- The variety of strategies health plans are deploying to align with physicians and manage referrals may challenge the long-held belief that hospitals and health systems would be the network organizers and bear longitudinal risk in many (if not most) markets as the U.S. health system transitioned to population health-based payment models.
- Last Thursday, Blue Shield of California revealed information about its new technology and services company Altais, which is slated to help physician practices remain independent and give them tools needed to succeed in value-based care arrangements.
- This strategy can help standardize patient workflows and help practices create a single senior care strategy that works for Blue Shield’s MA members who are cared for by the practice and the practice’s Medicare FFS beneficiaries.
Modern Healthcare reported Aug. 29 that Blue Shield of California unveiled new details about the technology and services company Altais it is launching to help physician practices remain independent while giving them tools needed to succeed in value-based care arrangements.
Altais is partnering with the California Medical Association and a Aledade, a Bethesda, Md.-based company that helps physicians launch accountable care organizations, according to the article. Altais and its partners will offer independent doctors and practices tools to improve patient health outcomes while making it easier for them to focus on care instead of administrative tasks, the Modern Healthcare article reports.
“Blue Shield also said it plans to support physicians in moving toward value-based care by investing in their practices,” according to the article. Investments could range from different types of affiliations to even employing the doctors in select situations, though employment it not the primary objective.”
“Blue Shield created Altais because fewer and fewer doctors are staying independent. Physician practices are burdened by administrative work and sometimes can’t afford to upgrade their technology or acquire tools to succeed in new payment models,” said Dr. Jeff Bailet, Altais’ CEO and former executive vice president of healthcare quality and affordability at Blue Shield in the article.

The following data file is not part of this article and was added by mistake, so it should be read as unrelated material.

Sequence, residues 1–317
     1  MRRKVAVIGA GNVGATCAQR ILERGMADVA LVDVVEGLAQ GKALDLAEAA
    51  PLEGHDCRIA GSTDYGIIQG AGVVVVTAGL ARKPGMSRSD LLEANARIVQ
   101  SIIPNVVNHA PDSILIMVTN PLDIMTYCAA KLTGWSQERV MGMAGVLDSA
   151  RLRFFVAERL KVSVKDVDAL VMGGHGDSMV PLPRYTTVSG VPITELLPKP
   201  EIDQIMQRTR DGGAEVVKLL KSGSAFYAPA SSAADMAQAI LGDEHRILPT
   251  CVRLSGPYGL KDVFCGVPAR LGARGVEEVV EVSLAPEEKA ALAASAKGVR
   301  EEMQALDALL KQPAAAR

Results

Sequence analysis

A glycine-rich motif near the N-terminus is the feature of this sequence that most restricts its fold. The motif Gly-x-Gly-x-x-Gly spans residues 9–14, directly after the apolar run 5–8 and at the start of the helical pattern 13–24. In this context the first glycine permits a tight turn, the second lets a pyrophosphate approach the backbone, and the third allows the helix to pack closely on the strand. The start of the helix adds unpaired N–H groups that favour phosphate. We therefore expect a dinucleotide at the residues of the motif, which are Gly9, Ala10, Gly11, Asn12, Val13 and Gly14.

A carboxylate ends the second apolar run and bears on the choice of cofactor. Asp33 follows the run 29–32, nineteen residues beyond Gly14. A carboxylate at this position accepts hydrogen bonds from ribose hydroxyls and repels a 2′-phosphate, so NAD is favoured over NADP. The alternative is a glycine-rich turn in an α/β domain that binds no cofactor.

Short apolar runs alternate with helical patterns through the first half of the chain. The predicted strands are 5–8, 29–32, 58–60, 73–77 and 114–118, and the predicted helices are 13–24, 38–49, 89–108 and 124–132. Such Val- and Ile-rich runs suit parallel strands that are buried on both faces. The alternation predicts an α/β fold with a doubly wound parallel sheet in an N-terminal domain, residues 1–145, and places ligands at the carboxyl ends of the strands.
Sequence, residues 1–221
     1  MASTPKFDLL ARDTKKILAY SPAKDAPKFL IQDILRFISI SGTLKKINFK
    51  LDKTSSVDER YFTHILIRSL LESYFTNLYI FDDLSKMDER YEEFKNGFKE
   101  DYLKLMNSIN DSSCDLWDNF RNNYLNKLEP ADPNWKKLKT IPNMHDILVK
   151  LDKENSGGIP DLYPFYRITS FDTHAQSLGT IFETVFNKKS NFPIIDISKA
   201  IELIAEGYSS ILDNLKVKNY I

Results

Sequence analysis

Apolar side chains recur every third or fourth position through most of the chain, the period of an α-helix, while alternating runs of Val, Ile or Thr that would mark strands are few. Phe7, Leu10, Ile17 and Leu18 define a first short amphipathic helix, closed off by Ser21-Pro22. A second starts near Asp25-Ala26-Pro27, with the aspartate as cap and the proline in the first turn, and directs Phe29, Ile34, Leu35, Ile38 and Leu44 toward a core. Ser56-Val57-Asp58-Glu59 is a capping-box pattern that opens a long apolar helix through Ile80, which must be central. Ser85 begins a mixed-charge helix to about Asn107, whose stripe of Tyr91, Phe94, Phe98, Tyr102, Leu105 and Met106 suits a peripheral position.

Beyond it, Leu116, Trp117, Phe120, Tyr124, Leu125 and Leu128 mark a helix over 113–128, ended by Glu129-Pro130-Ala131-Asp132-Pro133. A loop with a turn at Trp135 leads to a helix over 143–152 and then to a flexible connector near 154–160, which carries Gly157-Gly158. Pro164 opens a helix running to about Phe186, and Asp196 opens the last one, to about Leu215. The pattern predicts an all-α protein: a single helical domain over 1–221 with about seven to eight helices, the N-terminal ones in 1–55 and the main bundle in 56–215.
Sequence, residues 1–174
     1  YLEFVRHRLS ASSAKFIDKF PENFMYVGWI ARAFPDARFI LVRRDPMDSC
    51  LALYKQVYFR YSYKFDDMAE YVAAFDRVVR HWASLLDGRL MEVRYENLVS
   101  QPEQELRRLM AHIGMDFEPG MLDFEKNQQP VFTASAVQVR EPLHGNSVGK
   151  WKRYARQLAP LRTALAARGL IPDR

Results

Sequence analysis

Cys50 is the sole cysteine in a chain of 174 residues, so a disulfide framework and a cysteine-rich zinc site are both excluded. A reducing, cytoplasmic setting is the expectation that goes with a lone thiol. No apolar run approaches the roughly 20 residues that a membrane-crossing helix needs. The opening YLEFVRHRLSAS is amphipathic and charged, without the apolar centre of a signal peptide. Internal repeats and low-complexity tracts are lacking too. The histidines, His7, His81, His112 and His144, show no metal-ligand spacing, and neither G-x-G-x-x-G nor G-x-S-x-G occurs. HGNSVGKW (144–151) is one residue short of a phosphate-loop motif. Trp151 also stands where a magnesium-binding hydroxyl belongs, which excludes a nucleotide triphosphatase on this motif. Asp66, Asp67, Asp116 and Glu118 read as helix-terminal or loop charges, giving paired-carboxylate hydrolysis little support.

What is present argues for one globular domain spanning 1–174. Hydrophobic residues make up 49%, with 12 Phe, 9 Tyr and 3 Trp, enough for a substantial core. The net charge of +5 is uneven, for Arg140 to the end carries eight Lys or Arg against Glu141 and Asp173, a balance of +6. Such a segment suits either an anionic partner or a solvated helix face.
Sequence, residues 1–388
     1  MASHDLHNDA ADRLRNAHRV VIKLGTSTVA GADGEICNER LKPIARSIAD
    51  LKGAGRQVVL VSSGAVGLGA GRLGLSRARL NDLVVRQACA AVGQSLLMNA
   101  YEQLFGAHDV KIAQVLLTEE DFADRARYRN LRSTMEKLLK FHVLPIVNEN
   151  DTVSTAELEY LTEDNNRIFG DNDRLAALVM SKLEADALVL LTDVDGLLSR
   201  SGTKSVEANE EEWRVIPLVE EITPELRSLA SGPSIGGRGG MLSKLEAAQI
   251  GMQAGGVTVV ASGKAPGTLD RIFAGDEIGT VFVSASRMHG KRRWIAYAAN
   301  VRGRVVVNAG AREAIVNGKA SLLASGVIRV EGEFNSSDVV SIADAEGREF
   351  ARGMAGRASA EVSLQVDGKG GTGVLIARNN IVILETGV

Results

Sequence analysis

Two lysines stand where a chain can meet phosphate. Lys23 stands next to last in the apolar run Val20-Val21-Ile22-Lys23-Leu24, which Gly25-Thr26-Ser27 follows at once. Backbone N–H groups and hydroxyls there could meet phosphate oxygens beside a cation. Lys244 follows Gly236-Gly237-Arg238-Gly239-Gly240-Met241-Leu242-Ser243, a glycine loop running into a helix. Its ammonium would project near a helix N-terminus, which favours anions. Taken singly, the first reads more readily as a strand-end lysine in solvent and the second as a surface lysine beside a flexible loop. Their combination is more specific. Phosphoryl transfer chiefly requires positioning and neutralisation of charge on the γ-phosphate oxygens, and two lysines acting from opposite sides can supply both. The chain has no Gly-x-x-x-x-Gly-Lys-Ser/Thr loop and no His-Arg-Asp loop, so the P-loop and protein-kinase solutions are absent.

“Blue Shield’s Altais venture appears to share some similarities with Optum, though a spokesman emphasized that Altais is unique in that it will focus on physicians and clinicians and deliver more help and support while reducing burden beyond what other technology companies provide. A previous news release also said Altais is in discussions to deliver primary and specialty care,” the article says.
“Altais through the collaboration will offer a set of tools to help physicians succeed in value-based care models. Those tools include population health support, predictive analytics, as well as tools that reduce burden by providing real-time transcription of a patient visit, for example,” the article continues. “Altais will also help with back-office functions like billing and credentialing.
“The three organizations will work with payers in the state to offer value-based arrangements to reward physicians for better care. Blue Shield has committed to offering such an arrangement for primary care in 2020 to physicians working with Altais and Aledade. Aledade is already collaborating with the California Medical Association to create physician-led accountable care organizations to participate in the Medicare shared-savings program.”
Conventional wisdom has long held that hospitals and health systems would be the network organizers and bear longitudinal risk as the U.S. health system transitioned to population health-based payment models. However, I’m not sure that’s going to be the case in many (if not most) markets given the variety of strategies health plans are deploying to align with physicians and control referrals.
Alternative alignment options for physicians
The most notable example is Optum’s aggressive employment of physicians, as noted above, but there are plenty of other examples — such as Humana piloting a telehealth-only offering, currently only for small employers; CVS/Aetna’s use of health hubs — of plans trying to better manage care and disrupt traditional referral streams.
And what Blue Shield is doing is just another alternative alignment option for physicians. Beyond providing infrastructure, this strategy can help standardize patient workflows for practices that elect to participate in the MSSP program as part of this. In effect, that helps the practice create a single senior care strategy that works for Blue Shield’s MA members who are cared for by the practice and the practice’s Medicare FFS beneficiaries. Like all ACOs, this one will develop evidence-based care pathways for common chronic conditions. And they will use data to help identify which providers are most efficient. So, I would imagine that this could change referral patterns for services ranging from inpatient admissions to diagnostic services in markets where there are multiple options.
While the quality measures for both programs are different, the analytics and care coordination platform/capabilities necessary to be successful are the same. And in the process of helping practices stay independent, there will likely be a halo effect from participating practices that improve quality (and HEDIS scores) for Blue Shield’s MA members and capture complicating conditions that will increase the Medicare Advantage members’ HCC score. These activities will increase revenue to the Medicare Advantage plan. So, there’s a potential to increase the topline while reducing medical expenditure.
Cigna in some markets is providing a similar option for physicians. I wouldn’t be surprised if more plans take this approach moving forward.